The president upped the ante last week by threatening tariffs on more than $500 billion worth of Chinese goods.

Experts warn that Trump’s trade policies may wind up taking a significant bite out of corporate profits and growth.

JPMorgan Chase CEO Jamie Dimon told CNN Money in an interview published Monday that Trump could wind up erasing the stimulative effect of last year’s tax-reform package.

“If you do another $200 billion of tariffs and this national security thing about cars, I think that you’re getting pretty close to reversing some of the benefits you’ve seen in the economy,” he said.

Larry Fink, the CEO of BlackRock, warned last week the stock market could drop 10 to 15 percent and gross domestic product could dip in 2019 unless Trump pulls back on tariffs.

GOP leaders are concerned as well.

“Any uncertainty over the trade issue or retaliatory tariffs can definitely be a wet blanket on our economic recovery,” said Senate Majority Whip John CornynJohn CornynGOP wants commitment that Trump will sign budget deal Hillicon Valley: Trump seeks review of Pentagon cloud-computing contract | FTC weighs updating kids' internet privacy rules | Schumer calls for FaceApp probe | Report says states need more money to secure elections Senators introduce legislation to boost cyber defense training in high school MORE (R-Texas).

Sen. John ThuneJohn Randolph ThuneGOP rattled by Trump rally GOP wants commitment that Trump will sign budget deal Poll: McConnell is most unpopular senator MORE (S.D.), the chairman of the Senate Republican Conference, also worries that Trump’s tariff threats could eclipse the economic benefit from his tax and regulatory policies.

“I hope we don’t distract from that with issues like tariffs and trade. I think that has a potential to step on a lot of the economic progress that we made, and I’m hoping the president and his team will come to that conclusion,” he said.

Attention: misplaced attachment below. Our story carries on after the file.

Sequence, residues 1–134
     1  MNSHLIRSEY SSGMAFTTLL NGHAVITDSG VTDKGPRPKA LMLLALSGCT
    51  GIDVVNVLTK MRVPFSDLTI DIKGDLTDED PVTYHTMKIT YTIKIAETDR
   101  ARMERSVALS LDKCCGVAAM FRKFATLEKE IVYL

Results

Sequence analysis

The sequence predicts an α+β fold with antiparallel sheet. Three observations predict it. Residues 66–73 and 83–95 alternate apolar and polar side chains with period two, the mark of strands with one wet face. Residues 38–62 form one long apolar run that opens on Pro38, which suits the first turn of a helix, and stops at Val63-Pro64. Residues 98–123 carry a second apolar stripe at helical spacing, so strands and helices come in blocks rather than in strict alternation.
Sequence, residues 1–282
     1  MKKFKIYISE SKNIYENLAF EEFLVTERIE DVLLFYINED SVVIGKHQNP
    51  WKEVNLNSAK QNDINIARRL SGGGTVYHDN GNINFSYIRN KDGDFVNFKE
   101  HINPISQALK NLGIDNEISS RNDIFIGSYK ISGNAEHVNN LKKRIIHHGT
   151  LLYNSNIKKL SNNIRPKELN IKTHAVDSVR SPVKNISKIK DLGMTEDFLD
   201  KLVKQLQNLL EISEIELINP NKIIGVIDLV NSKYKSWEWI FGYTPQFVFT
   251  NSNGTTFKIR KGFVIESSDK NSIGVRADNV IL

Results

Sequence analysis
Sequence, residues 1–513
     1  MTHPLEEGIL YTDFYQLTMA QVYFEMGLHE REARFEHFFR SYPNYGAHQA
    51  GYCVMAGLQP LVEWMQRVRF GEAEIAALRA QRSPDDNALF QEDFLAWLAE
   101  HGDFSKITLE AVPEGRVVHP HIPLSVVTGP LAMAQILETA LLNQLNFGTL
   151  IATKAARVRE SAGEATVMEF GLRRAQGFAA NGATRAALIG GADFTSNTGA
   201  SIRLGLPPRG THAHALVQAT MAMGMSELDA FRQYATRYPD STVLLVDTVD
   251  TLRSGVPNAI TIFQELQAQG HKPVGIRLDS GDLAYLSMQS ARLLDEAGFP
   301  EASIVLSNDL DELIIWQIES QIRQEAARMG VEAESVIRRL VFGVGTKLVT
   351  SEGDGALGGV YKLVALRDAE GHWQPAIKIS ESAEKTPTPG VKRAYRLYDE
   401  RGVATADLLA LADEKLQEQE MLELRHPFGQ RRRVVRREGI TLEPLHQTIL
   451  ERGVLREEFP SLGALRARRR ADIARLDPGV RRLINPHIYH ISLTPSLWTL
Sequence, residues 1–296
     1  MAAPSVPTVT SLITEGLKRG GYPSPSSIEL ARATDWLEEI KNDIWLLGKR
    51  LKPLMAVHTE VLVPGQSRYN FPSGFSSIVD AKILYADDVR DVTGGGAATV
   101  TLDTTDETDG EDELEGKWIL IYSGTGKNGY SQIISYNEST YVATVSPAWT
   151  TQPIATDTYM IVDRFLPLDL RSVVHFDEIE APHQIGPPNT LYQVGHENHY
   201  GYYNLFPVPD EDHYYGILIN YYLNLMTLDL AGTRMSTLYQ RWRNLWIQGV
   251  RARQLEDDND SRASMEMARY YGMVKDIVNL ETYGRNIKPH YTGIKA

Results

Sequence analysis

The Senate voted overwhelmingly, 88-11, this month to pass a nonbinding resolution expressing support for Congress taking back tariff authority from the president.

The proponents of that measure want to pass legislation with more teeth limiting Trump’s authority before the end of the year.

Corker says if Trump moves ahead with tariffs on auto imports it would change the political calculus among Republicans in Congress.

“Definitely,” he said. “It would be a tipping point.”

Corker says he is looking for a revenue bill on which to attach a trade-related measure.

GOP legislators think Trump’s controversial embrace of Russian President Vladimir Putin could make colleagues more sympathetic about passing trade legislation to help NATO allies.

“The question is whether it may have moved some sentiment in our direction,” Toomey said.

Corker says a smart way to counter Russian influence is for Congress to “take back this power on tariffs, which has unsettled all of our allies.”

Republican members of the Senate Finance Committee, led by Sen. Rob PortmanRobert (Rob) Jones PortmanFighting the opioid epidemic: Congress can't just pass laws, but must also push to enforce them The Hill's Morning Report - Presented by JUUL Labs - House to vote to condemn Trump tweet Rising number of GOP lawmakers criticize Trump remarks about minority Dems MORE (R-Ohio), are also looking at legislation that would narrow the national security justification Trump has used under Section 232 of the Trade Expansion Act to impose tariffs.

Corker and Sen. Jeff FlakeJeffrey (Jeff) Lane FlakeFlake urges Republicans to condemn 'vile and offensive' Trump tweets Flake responds to Trump, Jimmy Carter barbs: 'We need to stop trying to disqualify each other' Jeff Flake responds to Trump's 'greener pastures' dig on former GOP lawmakers MORE (R-Ariz.) say that doesn’t go far enough.

But Corker, Toomey and their allies have more work to do to convince the GOP leadership to schedule a vote on legislation that would undercut Trump’s negotiating ability.

Cornyn says the passage of the nonbinding resolution is enough for now.

“I think we had a vote on some element of that,” he said, when asked about a vote on new legislation to curtail Trump’s tariff authority.